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Product Structure

  • Allows functional managers to specialize in one product area

  • Division managers become experts in their area

  • Removes need for direct supervision of division by corporate managers

  • Divisional management improves the use of resources

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Types of Divisional Structures

  • Geographic Structure

    • Divisions are broken down by geographic location

  • Global geographic structure

    • Managers locate different divisions in each of the world regions where the organization operates.

    • Generally, occurs when managers are pursuing a multi-domestic strategy

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Types of Divisional Structures

  • Market Structure

    • Groups divisions according to the particular kinds of customers they serve

    • Allows managers to be responsive to the needs of their customers and act flexibly in making decisions in response to customers’ changing needs

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Matrix Design Structure

  • Matrix Structure

    • An organizational structure that simultaneously groups people and resources by function and product.

    • The structure is very flexible and can respond rapidly to the need for change.

    • Each employee has two bosses

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Matrix Structure

Figure 10.6

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Product Team Design Structure

  • Product Team Structure

    • Does away with dual reporting relationships and two-boss managers

    • Functional employees are permanently assigned to a cross-functional team that is empowered to bring a new or redesigned product to work

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Product Team Structure

  • Cross-functional team

    • Agroup of managers brought together from different departments to perform organizational tasks.

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Product Team Structure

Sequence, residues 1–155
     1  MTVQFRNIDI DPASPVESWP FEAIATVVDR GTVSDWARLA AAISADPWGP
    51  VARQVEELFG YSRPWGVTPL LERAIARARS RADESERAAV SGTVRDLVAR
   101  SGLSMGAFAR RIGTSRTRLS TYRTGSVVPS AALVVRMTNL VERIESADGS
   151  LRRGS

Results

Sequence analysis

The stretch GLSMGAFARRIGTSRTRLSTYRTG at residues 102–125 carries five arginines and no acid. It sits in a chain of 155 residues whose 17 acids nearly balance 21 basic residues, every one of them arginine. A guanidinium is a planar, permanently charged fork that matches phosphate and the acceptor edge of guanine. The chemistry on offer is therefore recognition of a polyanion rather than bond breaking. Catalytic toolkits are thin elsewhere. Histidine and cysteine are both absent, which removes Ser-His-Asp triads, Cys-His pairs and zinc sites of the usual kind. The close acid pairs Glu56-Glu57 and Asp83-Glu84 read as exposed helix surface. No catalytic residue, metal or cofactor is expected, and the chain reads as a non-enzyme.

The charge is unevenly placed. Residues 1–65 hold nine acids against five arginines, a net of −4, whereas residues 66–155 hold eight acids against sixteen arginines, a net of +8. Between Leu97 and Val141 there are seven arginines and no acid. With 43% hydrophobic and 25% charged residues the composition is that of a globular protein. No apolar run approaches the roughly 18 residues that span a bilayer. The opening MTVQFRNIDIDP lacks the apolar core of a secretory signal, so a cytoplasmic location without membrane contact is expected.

Figure 10.6

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Allocating Authority

  • Authority

    • power to hold people accountable for their actions and to make decisions concerning the use of organizational resources.

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Allocating Authority

  • Line Manager

    • Someone in the direct line or chain of command who has formal authority over people and resources

  • Staff Manager

    • Managers who are functional-area specialists that give advice to line managers.

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Tall and Flat Organizations

  • Tall structures have many levels of authority and narrow spans of control.

    • As hierarchy levels increase, communication gets difficult creating delays in the time being taken to implement decisions.

    • Communications can also become distorted as it is repeated through the firm.

    • Can become expensive

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Tall Organizations

Figure 10.9

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Tall and Flat Organizations

Figure 10.9

  • Flat structures have fewer levels and wide spans of control.

    • Structure results in quick communications but can lead to overworked managers.

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Centralization and Decentralization of Authority

  • Decentralizing authority

    • giving lower-level managers and non-managerial employees the right to make important decisions about how to use organizational resources

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Integrating Mechanisms

Figure 10.10

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Sources of an Organization’s Culture

Figure 10.11

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Employment Relationship

  • Human resource policies:

    • Can influence how hard employees will work to achieve the organization’s goals,

    • How attached they will be to it

    • Whether or not they will buy into its values and norms

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Organizational Structure

  • In a centralized organization:

    • people have little autonomy

    • norms that focus on being cautious, obeying authority, and respecting traditions emerge

    • predictability and stability are desired goals

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Organizational Structure

  • In a flat, decentralized structure:

    • people have more freedom to choose and control their own activities

    • norms that focus on being creative and courageous and taking risks appear

    • gives rise to a culture in which innovation and flexibility are desired goals.

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Strong, Adaptive Cultures Versus Weak, Inert Cultures

  • Adaptive cultures

    • values and norms help an organization to build momentum and to grow and change as needed to achieve its goals and be effective

  • Inert cultures

    • Those that lead to values and norms that fail to motivate or inspire employees

    • Lead to stagnation and often failure over time

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Video Case: Making Changes in New Orleans’ Most Troubled Schools

How would you rate teaching according to the five characteristics that determine how motivating a job is?

Does establishing organizational culture in a school present any different challenges than establishing culture in other types of organizations?